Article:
Here's to the Ladies (and Gentlemen) Who Lunch

By: Jesse Oxfeld The Week magazine puts on a series of lunchtime "Conversations" at Michael Jordan's Steakhouse in New York's Grand Central Terminal. At each one, Sir Harry Evans moderates a discussion among assorted notables about some timely event. Today was the latest installment, with Henry Kissinger and Dennis Ross discussing Mideast peace over a meal of poached salmon and asparagus.

There's no guarantee the panelists will say anything particularly interesting or unexpected at these events, but there's always fun to be had in seeing who shows up -- and trying to imagine what some of these folks are doing there. Tina Louise, better known as Ginger of "Gilligan's Island," is, I'm told, a regular.

So let's leave the political analysis to others, for a change, and instead present a taxonomy of The Week lunchers, listed in order of decreasing importance:

The first group we'll term the Sideline Players. They're people who have some involvement in the topic being discussed but aren't part of the panel -- an example today was Somaia Barghouti, from the Palestinian Mission to the United Nations. Dore Gold, a former Israeli ambassador to the United Nations, was there, too. Typically, Evans will call on a few Sideline Players for quick responses.

The next group is the Big Shots Emeriti. They're elder statesmen of New York, and often of the media, and they lend the event a bit of gravitas. Sometimes Evans will call on them; sometimes he won't. The Week is happy to have them at the event, at least partly because something they say, or their mere presence, might land a mention in a gossip column. And they're happy to be there, partly because they may have little else to do. Abe Rosenthal, for one, represented this category at today's event. Ed Koch has been at others I've attended. So has, if I remember correctly, Osborn Elliott.

Next comes the People Who Lunch. None of the Reporter Types (more on them later) has any idea who these people are, nor why they have a few free hours in the middle of the day for chilled fish and sometimes warmed-over commentary. They seem older than average, richer than average, and better groomed than average, the men with thinning hair and bespoke suits and the women with shellacked 'dos and Jackie O. sunglasses. Perhaps they're Week advertisers. Perhaps they're friends of Week advertisers. Perhaps they're friends of Felix Dennis. Like lecture-series subscribers at the 92nd Street Y, they come, one presumes, to hear famous people deliver their standard talking points.

Also, as with the Big Shots Emeriti, one suspects this is what they do every day: Wake up on Park Avenue, put on a nice suit, and go to a luncheon.

At last comes the Reporter Types. This is a broad and well-represented category. New York Daily News gossip Lloyd Grove sits near the front of the room, right next to the Sideline Players' table, and he's there to because he'll write about what some boldfaced name in attendance -- a panelist, a Sideline Player, a Bigshots Emeritus -- did or said, which will help him fill his column and will give The Week some coverage bang for all their event bucks.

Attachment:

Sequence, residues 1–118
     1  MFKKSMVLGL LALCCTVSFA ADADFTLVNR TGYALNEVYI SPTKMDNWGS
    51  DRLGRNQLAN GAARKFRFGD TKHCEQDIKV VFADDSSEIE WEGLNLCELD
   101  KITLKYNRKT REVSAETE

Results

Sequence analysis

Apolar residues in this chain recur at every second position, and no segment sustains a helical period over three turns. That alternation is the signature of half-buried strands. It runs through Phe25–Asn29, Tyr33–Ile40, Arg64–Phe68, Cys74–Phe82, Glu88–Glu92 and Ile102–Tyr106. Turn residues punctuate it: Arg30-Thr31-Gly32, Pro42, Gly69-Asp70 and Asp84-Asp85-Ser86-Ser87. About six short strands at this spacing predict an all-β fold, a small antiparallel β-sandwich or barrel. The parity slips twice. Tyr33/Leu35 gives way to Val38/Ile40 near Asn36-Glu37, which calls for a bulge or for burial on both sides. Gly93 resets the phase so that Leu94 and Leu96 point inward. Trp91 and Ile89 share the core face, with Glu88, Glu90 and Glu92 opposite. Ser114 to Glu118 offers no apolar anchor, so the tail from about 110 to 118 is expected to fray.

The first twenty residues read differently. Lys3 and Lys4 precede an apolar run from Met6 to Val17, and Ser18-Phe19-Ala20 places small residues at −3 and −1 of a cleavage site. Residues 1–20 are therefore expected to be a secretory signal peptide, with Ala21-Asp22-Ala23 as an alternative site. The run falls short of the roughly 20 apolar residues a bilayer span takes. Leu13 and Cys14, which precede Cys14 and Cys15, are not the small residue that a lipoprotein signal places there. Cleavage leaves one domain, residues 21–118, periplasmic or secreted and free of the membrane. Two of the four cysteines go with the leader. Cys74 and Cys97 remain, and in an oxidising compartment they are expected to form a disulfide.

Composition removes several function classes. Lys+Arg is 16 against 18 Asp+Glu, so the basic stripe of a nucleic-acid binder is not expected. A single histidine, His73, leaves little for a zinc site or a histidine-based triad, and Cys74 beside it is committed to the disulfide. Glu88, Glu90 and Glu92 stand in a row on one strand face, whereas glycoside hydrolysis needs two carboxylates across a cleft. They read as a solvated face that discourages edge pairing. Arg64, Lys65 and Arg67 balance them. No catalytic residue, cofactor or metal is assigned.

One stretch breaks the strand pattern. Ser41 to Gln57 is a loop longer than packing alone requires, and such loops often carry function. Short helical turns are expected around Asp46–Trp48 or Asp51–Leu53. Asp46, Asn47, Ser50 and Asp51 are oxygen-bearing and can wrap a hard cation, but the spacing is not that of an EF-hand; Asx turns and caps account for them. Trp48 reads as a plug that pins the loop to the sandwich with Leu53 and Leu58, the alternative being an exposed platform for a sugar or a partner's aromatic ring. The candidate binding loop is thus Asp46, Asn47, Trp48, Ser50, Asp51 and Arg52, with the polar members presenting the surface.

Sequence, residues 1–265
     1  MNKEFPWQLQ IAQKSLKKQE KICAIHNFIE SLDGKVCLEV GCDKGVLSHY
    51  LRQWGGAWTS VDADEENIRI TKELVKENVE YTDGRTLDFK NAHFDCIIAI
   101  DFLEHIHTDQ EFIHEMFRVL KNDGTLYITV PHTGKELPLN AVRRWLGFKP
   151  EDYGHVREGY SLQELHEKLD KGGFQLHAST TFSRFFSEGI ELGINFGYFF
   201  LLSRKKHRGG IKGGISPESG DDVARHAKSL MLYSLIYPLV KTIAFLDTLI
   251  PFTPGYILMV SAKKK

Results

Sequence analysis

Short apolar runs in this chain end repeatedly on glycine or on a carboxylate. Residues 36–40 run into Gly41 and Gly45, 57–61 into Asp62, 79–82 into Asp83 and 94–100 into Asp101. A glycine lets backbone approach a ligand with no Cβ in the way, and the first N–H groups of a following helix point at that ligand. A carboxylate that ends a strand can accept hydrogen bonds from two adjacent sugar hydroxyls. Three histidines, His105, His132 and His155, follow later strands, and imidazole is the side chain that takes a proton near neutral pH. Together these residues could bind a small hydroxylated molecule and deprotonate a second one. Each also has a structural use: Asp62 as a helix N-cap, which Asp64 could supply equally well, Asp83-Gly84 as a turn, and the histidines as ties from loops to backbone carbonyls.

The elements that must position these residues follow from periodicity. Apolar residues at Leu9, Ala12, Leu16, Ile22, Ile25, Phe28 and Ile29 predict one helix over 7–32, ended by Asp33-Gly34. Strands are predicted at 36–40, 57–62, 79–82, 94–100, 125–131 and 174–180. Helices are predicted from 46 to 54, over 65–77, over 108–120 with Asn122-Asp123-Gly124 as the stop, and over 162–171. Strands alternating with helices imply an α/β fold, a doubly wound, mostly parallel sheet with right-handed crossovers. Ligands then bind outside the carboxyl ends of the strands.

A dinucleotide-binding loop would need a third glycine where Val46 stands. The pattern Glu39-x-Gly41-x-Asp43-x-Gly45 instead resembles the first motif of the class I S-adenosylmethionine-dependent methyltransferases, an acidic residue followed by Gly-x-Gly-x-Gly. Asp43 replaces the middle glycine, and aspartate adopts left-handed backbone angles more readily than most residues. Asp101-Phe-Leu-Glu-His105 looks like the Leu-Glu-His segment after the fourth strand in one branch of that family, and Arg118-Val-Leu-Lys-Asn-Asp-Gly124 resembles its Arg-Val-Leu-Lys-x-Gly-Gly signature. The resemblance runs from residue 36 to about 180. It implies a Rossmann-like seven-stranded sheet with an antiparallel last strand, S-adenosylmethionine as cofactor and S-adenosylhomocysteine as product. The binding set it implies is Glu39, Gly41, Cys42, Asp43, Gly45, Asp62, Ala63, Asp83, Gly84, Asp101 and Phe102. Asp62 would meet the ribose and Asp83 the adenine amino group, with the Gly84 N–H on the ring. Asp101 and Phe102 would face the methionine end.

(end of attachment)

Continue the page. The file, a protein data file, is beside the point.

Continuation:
Newsweek columnist Jonathan Alter, conversely, sat near the back. It's tough to imagine he'll write anything about the lunch, but it's his job to be aware of stuff, and he probably didn't have anything else to do at lunchtime today. (The Week, of course, would be thrilled if, at some point down the road, a remembrance of lunch past led Alter to drop a quick reference to the event or the mag into his column, with its 3 million-plus circ.)

Last, there's always a sizable contingent of bloggers and smart-aleck reporters for media trade publications. We -- er, I mean, they show up for the free lunch, and we/they will write about any of these people, except, naturally, the panelists. Players, Emeriti, Lunchers, other Reporters -- especially other reporters -- are all boldface names to us.

But there's still one last group. I haven't mentioned it yet because it's unclear how to rank them. In real-world respects, they're probably some of the most important people at the lunch. But in the context of the lunch, they seem almost like afterthoughts. It's the What? group, so named because that's what you involuntary exclaim when seeing one across the room. Spotting these people is the highlight of a The Week lunch, and the What?-ier, the better.

For example, I entered the dining room on Thursday, looking for friends I could eat with, and my eye glanced past -- of all people -- Phillip Seymour Hoffman. What? Tina Louise, clearly, is a What? Richard Meier, the architect, was at the main table with the Sideline Players. Dr. Judy, the radio sex therapist, asked a question. I was told Gay American Jim McGreevey was there. Even Jeff Jarvis was in attendance, typing away at his laptop, despite the event having nothing to do with the transformative power of blogging.

But there were two at today's lunch who, while very different, perhaps outdo all What?s at all The Week lunches.

First, sitting toward the right of the house, Mr. Christopher Walken.

And, sitting house left, none other than Tony Danza.

Who presumably has some deep thoughts on the Middle East.


No comments on this item Please log in to comment by clicking here

Scroll the Latest Job Opportunities From The Media Job Board